“En la infancia yo empecé a sentir que algo no estaba bien, y un día estalló. A mi me pasó a los 17 años, cuando por primera vez fui al psicólogo”, contó Alejandra antes de la operación. Por eso ahora pretende seguir trabajando para difundirlo, “para que aquellos que sienten que algo no está bien consulten”.

_______________________________________________________________

La Plata, Argentina, Saturday, May 20, 2006

[English translation bySonia John]

ALEJANDRA AFTER HER GENITAL HARMONIZATION

“I Haven’t Looked at Myself in the Mirror Yet, But Everyone Tells Me I Look Great”

Alejandra satisfies the curiosity of those who ask about her new body. She says, “The work of the doctors at Gutiérrez Hospital was excellent in functional and esthetic terms.” On Monday she’ll be able to leave and begin her life as a woman.

Alejandra Victoria’s life reached a turning point on the 10th of May, between 8:30 a.m. and 3:00 p.m. The doctors at Gutiérrez Hospital needed six and a half hours to finish a long process that has given her “total equilibrium.”

However, she doesn’t consider the event important enough to be truly transformative. For her it has not been the “rebirth” that others in her situation have often called it. “It’s the continuation of a process, a life path, and the attainment of physical congruence with my personality,” she toldHoy shortly after being released.

Everything went just as expected, according to Dr. Pedro Maldonado, the plastic surgeon who headed up the surgical team. Maldonado’s specialty leads him to focus somewhat obsessively on esthetics, and Alejandra knows that he attended to the smallest details.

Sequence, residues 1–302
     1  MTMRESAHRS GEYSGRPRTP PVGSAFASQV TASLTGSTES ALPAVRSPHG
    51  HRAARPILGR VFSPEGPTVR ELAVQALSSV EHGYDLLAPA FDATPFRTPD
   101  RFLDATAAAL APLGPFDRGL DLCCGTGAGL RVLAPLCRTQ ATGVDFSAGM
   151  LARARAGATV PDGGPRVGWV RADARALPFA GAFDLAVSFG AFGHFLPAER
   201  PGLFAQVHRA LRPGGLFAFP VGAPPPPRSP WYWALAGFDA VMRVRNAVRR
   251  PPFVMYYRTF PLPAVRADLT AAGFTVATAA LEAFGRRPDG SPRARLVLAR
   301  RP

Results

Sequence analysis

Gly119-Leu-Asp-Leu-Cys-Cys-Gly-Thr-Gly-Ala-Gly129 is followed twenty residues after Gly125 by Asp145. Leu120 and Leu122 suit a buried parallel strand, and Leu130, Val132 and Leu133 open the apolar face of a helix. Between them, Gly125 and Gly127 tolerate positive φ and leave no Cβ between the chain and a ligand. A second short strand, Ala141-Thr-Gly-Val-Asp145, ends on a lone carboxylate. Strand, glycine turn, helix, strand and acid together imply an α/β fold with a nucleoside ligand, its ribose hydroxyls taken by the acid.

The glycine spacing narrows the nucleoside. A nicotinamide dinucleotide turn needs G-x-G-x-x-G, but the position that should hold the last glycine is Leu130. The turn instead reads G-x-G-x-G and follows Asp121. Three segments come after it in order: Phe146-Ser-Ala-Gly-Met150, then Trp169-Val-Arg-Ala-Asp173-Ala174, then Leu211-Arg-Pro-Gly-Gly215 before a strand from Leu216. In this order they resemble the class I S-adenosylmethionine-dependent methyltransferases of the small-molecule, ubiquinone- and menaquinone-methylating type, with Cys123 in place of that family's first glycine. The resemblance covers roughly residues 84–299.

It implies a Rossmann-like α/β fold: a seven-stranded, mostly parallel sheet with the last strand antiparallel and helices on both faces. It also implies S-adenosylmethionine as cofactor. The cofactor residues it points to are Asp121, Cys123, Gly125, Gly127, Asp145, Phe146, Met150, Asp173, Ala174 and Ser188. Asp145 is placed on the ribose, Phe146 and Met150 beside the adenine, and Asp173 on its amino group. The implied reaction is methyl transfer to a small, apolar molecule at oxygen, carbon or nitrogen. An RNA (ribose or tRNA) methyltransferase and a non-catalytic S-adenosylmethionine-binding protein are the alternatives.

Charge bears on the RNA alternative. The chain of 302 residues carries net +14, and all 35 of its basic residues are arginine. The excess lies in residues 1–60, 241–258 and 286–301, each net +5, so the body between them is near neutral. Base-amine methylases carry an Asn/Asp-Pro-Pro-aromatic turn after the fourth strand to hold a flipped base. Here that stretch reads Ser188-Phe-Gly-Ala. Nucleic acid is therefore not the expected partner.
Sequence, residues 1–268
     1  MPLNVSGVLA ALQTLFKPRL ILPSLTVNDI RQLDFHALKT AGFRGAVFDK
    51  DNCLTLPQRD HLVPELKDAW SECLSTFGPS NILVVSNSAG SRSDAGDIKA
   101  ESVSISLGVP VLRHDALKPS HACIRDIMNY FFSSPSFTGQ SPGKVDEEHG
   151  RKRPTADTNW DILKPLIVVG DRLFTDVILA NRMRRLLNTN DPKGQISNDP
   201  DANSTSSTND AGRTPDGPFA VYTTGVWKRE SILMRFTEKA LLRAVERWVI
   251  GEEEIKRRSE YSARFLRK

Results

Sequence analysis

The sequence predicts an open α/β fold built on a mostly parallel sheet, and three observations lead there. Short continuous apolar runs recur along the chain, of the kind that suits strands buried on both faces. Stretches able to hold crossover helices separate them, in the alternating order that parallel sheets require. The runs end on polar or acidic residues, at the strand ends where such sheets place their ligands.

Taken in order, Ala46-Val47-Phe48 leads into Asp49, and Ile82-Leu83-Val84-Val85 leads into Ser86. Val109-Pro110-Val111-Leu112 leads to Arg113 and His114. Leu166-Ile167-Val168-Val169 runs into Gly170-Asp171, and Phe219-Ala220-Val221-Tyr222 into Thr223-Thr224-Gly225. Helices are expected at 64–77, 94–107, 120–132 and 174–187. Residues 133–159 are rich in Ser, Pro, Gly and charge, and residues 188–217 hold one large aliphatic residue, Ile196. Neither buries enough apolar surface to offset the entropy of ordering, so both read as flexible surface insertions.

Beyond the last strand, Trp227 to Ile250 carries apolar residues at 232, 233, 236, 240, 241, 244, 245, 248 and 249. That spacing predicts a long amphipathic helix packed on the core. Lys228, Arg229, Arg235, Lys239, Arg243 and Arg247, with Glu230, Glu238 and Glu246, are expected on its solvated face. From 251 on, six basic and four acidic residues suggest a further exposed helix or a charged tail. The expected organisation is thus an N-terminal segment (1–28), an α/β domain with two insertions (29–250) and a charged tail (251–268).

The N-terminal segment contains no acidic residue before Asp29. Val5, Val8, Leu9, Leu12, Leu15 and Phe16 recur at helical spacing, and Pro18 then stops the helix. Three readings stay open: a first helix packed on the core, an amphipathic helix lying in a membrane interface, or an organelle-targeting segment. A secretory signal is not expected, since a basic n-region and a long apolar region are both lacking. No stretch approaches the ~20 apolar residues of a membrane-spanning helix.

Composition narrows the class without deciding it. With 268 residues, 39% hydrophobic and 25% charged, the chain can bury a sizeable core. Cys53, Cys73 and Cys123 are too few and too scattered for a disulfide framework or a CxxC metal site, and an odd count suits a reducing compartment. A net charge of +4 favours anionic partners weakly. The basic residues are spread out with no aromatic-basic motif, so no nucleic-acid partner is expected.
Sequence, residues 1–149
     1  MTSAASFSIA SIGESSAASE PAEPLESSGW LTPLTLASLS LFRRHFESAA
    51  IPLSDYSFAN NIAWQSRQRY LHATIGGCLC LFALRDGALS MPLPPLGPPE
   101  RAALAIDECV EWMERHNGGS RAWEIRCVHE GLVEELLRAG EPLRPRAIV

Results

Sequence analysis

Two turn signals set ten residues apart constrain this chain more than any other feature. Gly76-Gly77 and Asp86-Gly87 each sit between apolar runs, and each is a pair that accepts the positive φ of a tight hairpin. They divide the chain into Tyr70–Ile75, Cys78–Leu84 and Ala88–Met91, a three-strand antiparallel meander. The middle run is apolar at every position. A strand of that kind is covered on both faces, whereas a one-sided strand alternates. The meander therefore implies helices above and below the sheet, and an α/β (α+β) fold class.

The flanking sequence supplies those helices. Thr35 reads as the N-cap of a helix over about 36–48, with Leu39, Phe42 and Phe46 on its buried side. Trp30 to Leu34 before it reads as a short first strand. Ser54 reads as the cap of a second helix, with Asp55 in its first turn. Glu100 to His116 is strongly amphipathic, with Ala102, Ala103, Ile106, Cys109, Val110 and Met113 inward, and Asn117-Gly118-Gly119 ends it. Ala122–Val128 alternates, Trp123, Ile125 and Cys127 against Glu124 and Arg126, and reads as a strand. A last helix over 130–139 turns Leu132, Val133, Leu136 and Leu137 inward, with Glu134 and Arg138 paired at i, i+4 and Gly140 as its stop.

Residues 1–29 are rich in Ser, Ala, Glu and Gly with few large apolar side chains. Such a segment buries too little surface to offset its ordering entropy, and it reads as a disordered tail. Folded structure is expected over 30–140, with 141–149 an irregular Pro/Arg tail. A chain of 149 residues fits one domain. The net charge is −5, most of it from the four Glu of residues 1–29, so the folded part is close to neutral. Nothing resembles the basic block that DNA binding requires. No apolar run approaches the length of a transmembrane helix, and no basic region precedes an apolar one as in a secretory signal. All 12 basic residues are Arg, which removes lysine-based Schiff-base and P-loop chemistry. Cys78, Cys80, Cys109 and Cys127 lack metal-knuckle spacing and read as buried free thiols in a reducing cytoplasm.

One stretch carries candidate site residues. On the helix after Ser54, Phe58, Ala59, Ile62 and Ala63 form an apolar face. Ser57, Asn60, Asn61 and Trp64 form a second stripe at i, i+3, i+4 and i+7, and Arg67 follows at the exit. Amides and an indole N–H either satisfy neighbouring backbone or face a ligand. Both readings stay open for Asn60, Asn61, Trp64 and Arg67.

Alejandra is not yet able to look at herself in the mirror, but she’s gotten high praise from the nurses who cared for her during her post-operative recovery. “I’m as pretty as a picture,” she laughed, when asked about her new genitals. In a more serious tone, she added, “I simply feel like any other woman.”

“I’m keeping the photos from my childhood; they represent a phase of my life that I don’t deny.”

Up to this point, the more publicized surgeries of this type have been those of the urologist César Fidalgo. The two surgeons share a significant history since they began to collaborate, but it’s the plastic surgeon who concerns himself most with esthetic results. Smiling, the patient said, “The nurses came and told me how pretty I turned out.”

It’s impossible not to ask Alejandra what she thinks her sexual life will be like in the future. She very naturally responds, “It’ll be like that of any typical woman. If I fall in love, I’ll have a boyfriend and be thinking about having a family. If I don’t fall in love, I’ll be single, or maybe I’ll become a nun, I don’t know. But the surgery doesn’t in any way change my outlook on life.”

Toleration Is Discrimination

(Video) la triste historia de Alejandra Guzman | documental | Lo que no sabias

“Having had the surgery now makes it possible for me to have a more normal and genuine life, without shame, without denying my past, but living in the present. Alejandra walks slowly out onto the street. She’s still suffering the aftermath of her surgery. She looks at the passing cars and thinks about the struggles that await her when she re-enters the job market. “My objective right now is to return to work in my field—the petroleum products industry.”

It’s not easy to imagine that society is prepared to accept her. She notes, “I’m aware that I’ve had a lot of media coverage, though it’s been worth it to publicize the existence of Harry Benjamin Syndrome and Gender Identity Dysphoria.”

With Improved Techniques, the Surgeons Were Able to Give the Patient the Capacity for Pleasure During Intercourse

Her anthropology studies have allowed Alejandra to draw her own conclusions about what to expect next. “In Argentina, we have what’s called ‘tolerance,’ which is a form of discrimination, something like the Apartheid system in South Africa, which tolerated black people as long as they didn’t participate in government, in business, etc.”

“In Argentina I’m tolerated, but when people like me need to participate in the job market, that’s where tolerance ends.” She concludes, “And that’s an obvious form of discrimination.”

Against that barrier, she “plans to struggle just as I have up to this point, bringing issues to the court system, working with doctors, spreading the word that those of us born with this syndrome are just ordinary people. We’re not monsters, nor are we depraved, and we lead as normal a life as anyone else. And when our bodies and minds are in harmony, leading a normal life is the only thing we want to do.”